The forest department in West Bengal’s Burdwan town has a peculiar task at hand—keeping a wild male elephant at least earshot away from a field where a circus has pitched its tents. And that’s to prevent a female elephant, which had eloped with this male tusker three years ago, from repeating the act.
In 2007, when the circus was in Burdwan, elephant Sabitri, the biggest draw at Olympic Circus, had responded to the male’s mating calls with loud inviting trumpets. The tusker reached the field, broke through the circus fence, and both went frolicking into the thick bamboo grove on the town’s outskirts. After a fortnight, though, the tusker, true to his Bohemian nature, seduced another female elephant from a wild herd passing by. Sabitri, heartbroken, returned to the circus.
“We barely got any spectators during the fortnight she was away and incurred huge losses. Even after returning, she was morose and didn’t perform for nearly a month,” says circus manager Anil Mirdha. Sabitri’s mahout, Sheikh Kyamuddin, had to pamper the jumbo, now 30 years old, with her favourite food—cereals, jaggery and bananas—besides giving her body scrubs many times a day to lift her spirits. “It was tough but we succeeded in bringing her back to the ring,” he says.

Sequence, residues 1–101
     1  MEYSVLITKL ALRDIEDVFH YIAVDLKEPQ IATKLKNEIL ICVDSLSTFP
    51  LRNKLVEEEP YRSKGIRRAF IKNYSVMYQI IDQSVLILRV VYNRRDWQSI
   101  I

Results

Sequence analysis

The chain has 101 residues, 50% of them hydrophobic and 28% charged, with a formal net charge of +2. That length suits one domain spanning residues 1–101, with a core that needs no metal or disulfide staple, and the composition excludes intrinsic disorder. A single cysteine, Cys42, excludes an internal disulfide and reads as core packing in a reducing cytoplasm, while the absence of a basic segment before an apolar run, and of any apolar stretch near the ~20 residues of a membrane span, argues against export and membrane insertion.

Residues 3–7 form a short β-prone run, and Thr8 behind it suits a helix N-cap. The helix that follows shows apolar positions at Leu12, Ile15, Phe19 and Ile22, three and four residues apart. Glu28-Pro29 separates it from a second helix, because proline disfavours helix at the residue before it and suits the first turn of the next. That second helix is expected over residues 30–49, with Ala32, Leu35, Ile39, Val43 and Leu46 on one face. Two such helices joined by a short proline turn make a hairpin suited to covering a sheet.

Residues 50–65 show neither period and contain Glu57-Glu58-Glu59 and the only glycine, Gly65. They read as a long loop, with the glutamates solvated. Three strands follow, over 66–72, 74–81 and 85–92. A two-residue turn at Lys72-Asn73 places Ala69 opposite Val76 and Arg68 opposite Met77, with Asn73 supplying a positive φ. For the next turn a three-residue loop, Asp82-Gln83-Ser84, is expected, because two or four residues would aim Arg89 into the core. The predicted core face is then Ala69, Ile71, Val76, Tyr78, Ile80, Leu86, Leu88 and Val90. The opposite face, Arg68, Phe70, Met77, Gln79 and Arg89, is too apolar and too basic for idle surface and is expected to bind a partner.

With the male tusker roaming the jungles around Burdwan town even now, the circus management and her mahout aren’t taking any chances. They’ve requested the forest department to drive it away from the jungles in the town’s vicinity. “This is mating time for elephants. Though Sabitri had a bad experience with him three years ago, she may succumb to lust and run away again. The circus was lucky he didn’t take her into dense forests last time. There’s no telling what he’ll do if Sabitri flees with him again,” says a forest officer at Burdwan.
The tusker, aggressive like all lone elephants, has killed four people in the district and destroyed standing crops. “People of surrounding villages also want us to drive him away into the forest. We have deployed parties with drums and crackers for this task,” he says. Mirdha says Sabitri is in heat and would certainly respond to a mating call.